By using EasyBCD to edit the BCD, it causes the MBR to be completely untouched by GRUB or anything else, which is what I believe you were also trying to do. My MBR is identical to what it was before I installed Linux on my laptop. I too use the Windows 7 boot manager bootmgr.exe to chainload GRUB. If I were to trash my Linux installation or any of its partitions, Windows would still boot normally and so would the Windows factory restore partition.
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PostPosted: Sat Aug 11, 2012 9:57 pm    Post subject: Reply with quote

If that is the case I should consider EasyBCD as I am about to
solve the problem how to get the grub image on to C:\ drive. :?

Btw: if /dev/sda6 is my root partition what´s the hd count then:
/dev/sda1 hd0,0
/dev/sda2 hd0,1
/dev/sda3 hd0,2
/dev/sda4 = the extended partition hd0,3
/dev/sda5 = swap hd0,4
/dev/sda6 = / hd0,5
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PostPosted: Sat Aug 11, 2012 10:32 pm    Post subject: Reply with quote

transsib wrote:
If that is the case I should consider EasyBCD as I am about to
solve the problem how to get the grub image on to C:\ drive. :?

Btw: if /dev/sda6 is my root partition what´s the hd count then:
/dev/sda1 hd0,0
/dev/sda2 hd0,1
/dev/sda3 hd0,2
/dev/sda4 = the extended partition hd0,3
/dev/sda5 = swap hd0,4
/dev/sda6 = / hd0,5

They're correct for grub .97 - for grub2 /dev/sda6 would be '(hd0,msdos6)'
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PostPosted: Sun Aug 12, 2012 7:08 am    Post subject: Reply with quote

I´ve made a mistake: I´ve created the grub image while /dev/sda3 was mounted
which resulted in a error message from the Win7 bootloader that the image
was damaged.
Now I´m back on my fresh Gentoo installation and try to recreate the grub
image :cry:
I was close - tiny set-back - should be easy to fix shouldn´t it
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PostPosted: Sun Aug 12, 2012 2:28 pm    Post subject: Reply with quote

My confidence was premature. The file seems to be corrupt.
I get a boot splash where I can choose Windows 7 and Gentoo but
BCD complains about boot.lnx being damaged.
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PostPosted: Sun Aug 12, 2012 4:00 pm    Post subject: Reply with quote

What commands are you using to install grub to sda3?
To get the boot sector?
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PostPosted: Mon Aug 13, 2012 7:12 pm    Post subject: Reply with quote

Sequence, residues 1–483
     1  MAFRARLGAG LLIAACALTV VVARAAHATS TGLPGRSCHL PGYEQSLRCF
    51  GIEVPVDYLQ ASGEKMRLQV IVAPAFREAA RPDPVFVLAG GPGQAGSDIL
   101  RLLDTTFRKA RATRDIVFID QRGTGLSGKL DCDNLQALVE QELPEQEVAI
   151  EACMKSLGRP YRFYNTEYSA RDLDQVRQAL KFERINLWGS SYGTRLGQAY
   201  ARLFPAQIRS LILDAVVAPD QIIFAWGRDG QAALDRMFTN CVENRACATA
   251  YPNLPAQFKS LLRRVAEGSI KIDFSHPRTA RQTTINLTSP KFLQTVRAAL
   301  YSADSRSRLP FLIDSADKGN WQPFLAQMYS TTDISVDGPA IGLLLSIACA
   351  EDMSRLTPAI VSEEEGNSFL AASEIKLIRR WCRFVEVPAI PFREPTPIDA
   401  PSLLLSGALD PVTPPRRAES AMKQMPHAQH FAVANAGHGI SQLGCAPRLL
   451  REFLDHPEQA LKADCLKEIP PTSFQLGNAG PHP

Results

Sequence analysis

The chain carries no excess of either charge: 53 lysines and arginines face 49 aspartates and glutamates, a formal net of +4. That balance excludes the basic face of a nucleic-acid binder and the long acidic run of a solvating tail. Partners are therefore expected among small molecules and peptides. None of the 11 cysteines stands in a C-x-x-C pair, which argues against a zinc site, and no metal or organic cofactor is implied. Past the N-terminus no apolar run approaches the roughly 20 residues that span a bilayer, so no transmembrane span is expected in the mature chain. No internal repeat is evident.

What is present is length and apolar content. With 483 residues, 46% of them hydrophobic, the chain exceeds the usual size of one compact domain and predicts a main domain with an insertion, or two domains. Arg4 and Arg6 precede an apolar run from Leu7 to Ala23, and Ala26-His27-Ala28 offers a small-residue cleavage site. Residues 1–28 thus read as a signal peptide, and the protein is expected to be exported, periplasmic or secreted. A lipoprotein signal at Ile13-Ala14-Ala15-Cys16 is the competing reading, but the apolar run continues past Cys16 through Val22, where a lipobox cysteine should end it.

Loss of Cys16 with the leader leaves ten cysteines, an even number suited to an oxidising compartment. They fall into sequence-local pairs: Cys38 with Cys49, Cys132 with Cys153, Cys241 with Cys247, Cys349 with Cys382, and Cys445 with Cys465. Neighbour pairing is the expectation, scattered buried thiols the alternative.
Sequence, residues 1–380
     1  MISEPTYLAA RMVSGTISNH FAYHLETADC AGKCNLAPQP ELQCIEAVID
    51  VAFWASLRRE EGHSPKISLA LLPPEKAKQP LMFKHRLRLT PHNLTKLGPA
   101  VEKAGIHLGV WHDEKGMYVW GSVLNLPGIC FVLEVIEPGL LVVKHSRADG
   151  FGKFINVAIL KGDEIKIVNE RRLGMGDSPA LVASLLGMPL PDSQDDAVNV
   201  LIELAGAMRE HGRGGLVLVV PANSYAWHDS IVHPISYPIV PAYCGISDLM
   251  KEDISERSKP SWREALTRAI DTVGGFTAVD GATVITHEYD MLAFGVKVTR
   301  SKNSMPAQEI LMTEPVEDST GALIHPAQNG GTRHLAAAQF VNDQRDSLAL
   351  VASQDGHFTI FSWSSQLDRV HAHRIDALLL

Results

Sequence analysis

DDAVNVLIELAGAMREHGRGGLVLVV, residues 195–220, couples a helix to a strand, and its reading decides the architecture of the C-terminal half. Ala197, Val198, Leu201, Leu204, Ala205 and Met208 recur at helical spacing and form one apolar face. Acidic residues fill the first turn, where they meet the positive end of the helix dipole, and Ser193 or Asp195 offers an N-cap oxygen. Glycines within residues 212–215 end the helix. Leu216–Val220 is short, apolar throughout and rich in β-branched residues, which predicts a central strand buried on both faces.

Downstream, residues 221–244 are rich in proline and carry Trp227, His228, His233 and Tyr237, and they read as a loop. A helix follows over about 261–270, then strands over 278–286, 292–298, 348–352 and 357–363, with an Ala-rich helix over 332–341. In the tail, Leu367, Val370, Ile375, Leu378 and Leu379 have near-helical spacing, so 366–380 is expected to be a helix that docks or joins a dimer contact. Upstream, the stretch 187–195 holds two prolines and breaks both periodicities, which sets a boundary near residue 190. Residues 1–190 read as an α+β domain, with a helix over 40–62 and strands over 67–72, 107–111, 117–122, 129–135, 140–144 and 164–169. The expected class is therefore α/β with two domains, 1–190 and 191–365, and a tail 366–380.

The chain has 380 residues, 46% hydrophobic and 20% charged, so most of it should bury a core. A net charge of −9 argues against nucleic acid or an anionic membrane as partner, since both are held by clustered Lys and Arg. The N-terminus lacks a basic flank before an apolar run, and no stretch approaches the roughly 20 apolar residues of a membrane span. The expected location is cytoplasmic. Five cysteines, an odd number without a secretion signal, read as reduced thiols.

@Kimmie
Boot partition was /dev/sda3 which means it is hd0,2 for grub
root (hd0,2)
setup (hd0,2)

Unmount /dev/sda3 and then:

dd if=/dev/sda3 of=boot.lnx bs=512 count=1

Probably wrong all this but that´s history. I´ve deleted everything
and installed Gentoo on Windows in Virtualbox.

Btw i even gave EasyBCD a chance with the result that i had to import
the backup of the MBR I´ve made before starting as EasyBCD wrote
a couple of entries that my pure editing in the Windows shell did not.
Confirms my mistrust of third party tools, I must say.

Regards
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PostPosted: Mon Aug 13, 2012 7:42 pm    Post subject: Reply with quote

transsib wrote:
Btw i even gave EasyBCD a chance with the result that i had to import the backup of the MBR I´ve made before starting as EasyBCD wrote a couple of entries that my pure editing in the Windows shell did not. Confirms my mistrust of third party tools, I must say.

EasyBCD didn't touch the MBR on my laptop. You must have explictly selected an option in EasyBCD to do so, as explained in the EasyBCD FAQ:

EasyBCD FAQ wrote:
Does EasyBCD modify my MBR or Bootsector?

Nope. EasyBCD is a very special and unique application in that it doesn't even touch your bootsector or MBR, yet it's still the most powerful bootloader on the planet! Vista installs the "BCD Bootloader" to your MBR and Bootsector. EasyBCD simply adds functionality to the BCD files on your Windows Vista installation to add features and make it a more capable bootloader. EasyBCD never touches the MBR unless you specifically ask it to, namely when attempting to fix a corrupted bootloader, switch bootloaders, or backup/restore MBR images.

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PostPosted: Tue Aug 14, 2012 12:02 am    Post subject: Reply with quote

:( sorry it didn't work out for you
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l33t
l33t


Joined: 26 Jul 2003
Posts: 860

PostPosted: Tue Aug 14, 2012 12:37 pm    Post subject: Reply with quote

May be it the EFI BIOS that I don´t know yet.
I should have done more research about the new X230.
At least I have Gentoo in Virtualbox where you don´t have to take
care that nothing gets overwritten.

As to EasyBCD - I may be unfair here. I shouldn´t have combined
shell editing AND EasyBCD.
All I can say is that editing the shell - hands-on BCD editing - is better
for me as I find it more transparent.

All in all - I´ve learned a great deal here, which will come in handy some
day.
At least I know ALL the commands for the first steps and chrooting into
the new Gentoo environment by heart now. I haven´t installed a new Gentoo
system for quite some time now, the last 3 years ago :)